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UN Women’s Conference in Abu Dhabi urges women’s inclusion in the climate change agenda

Experts say the lack of women-led organizations could be a stumbling block to true transformation.

UN Women’s Conference in Abu Dhabi urges women’s inclusion in the climate change agenda
[Source photo: Anvita Gupta/Fast Company Middle East]

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Women remain a minority in the climate change agenda, said experts at the UN Women’s Conference in Abu Dhabi. Historically, women have been more vulnerable to the effects of climate change, particularly in remote rural areas where they often bear the responsibility of managing household resources, lack access to clean water, and face extreme weather events such as droughts and floods.

Sheikha Dr. Moza bint Tahnoun Al Nahyan, advisor to the UAE’s Ministry of Foreign Affairs and International Co-operation, highlighted the disproportionate impact and burden women and girls face, especially those most vulnerable, such as refugees and rural women. Currently, 80% of people displaced by climate emergencies are women and girls, experiencing loss of livelihoods, food security challenges, limited access to clean water, and increased care responsibilities.

Meanwhile, Mouza Al Shehhi, director of UN Women GCC Liaison Officer, outlined vital priorities and steps that must be taken to address the gender gap.  She emphasized the importance of considering women and girls’ specific needs and vulnerabilities and integrating gender considerations into climate strategies for a more inclusive response.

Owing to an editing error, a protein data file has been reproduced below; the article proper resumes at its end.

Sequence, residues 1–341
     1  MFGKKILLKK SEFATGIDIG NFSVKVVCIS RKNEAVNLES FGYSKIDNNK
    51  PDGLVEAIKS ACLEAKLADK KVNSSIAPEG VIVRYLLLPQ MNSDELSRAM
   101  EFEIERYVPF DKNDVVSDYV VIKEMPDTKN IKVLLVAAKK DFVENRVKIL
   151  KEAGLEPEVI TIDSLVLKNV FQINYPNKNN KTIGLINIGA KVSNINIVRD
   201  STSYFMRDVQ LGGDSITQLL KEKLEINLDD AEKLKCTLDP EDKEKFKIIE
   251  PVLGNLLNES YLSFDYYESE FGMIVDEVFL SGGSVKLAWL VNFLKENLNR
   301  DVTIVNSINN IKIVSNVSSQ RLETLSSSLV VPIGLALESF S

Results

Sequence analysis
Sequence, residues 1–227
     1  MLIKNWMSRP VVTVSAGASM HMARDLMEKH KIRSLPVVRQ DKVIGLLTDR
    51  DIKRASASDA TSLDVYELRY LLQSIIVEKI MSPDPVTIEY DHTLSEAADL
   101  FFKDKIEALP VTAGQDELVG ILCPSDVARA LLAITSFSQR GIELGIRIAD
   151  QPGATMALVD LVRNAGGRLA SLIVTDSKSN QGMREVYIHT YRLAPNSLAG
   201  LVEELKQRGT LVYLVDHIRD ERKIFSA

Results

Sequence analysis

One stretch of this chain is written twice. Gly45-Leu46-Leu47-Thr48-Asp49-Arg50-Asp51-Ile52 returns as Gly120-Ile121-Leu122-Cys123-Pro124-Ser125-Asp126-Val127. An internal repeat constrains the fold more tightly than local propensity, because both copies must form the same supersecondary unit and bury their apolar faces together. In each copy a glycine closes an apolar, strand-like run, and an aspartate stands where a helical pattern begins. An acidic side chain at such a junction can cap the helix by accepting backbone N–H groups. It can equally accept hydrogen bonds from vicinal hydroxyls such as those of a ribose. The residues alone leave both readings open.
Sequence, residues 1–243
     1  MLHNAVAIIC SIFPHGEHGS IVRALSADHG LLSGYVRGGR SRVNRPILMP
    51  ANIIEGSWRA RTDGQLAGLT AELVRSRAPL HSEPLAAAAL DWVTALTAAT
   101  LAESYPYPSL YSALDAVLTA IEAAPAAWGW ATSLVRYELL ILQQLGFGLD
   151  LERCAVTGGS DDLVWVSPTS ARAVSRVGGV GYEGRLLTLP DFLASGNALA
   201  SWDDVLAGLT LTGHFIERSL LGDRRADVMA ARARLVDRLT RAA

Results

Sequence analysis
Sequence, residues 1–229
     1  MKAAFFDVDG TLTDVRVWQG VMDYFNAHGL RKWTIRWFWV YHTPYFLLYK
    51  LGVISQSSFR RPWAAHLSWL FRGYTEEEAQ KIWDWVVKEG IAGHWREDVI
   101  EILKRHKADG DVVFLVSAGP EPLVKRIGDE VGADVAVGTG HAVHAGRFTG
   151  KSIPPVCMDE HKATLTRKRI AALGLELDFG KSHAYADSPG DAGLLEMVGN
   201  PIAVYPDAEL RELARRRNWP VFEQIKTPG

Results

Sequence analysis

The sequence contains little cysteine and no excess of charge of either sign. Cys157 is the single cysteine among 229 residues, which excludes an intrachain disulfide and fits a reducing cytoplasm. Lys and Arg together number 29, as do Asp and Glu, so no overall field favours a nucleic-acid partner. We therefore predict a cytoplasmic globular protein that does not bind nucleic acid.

The experts also discussed the need for women-led finance initiatives, which would have a far-reaching effect on rural communities. Women often face challenges in accessing financial resources to address climate change, and it is essential to design climate finance initiatives that support women-led initiatives, providing them with the necessary funding and opportunities. 

Additionally, Dr. Dena Assaf, United Nations resident coordinator in the UAE, emphasized the need to include more women in climate discussions. She highlighted the underrepresentation of women as climate negotiators in the MENA region and the lack of women-led organizations participating in UNFCCC’s Women and Gender Constituency. 

The UN Women’s Conference made a strong case for women’s inclusion in the climate change agenda by calling for concrete actions to address gender inequality, promote women’s leadership, and ensure women’s voices and perspectives are heard and integrated into climate strategies. 

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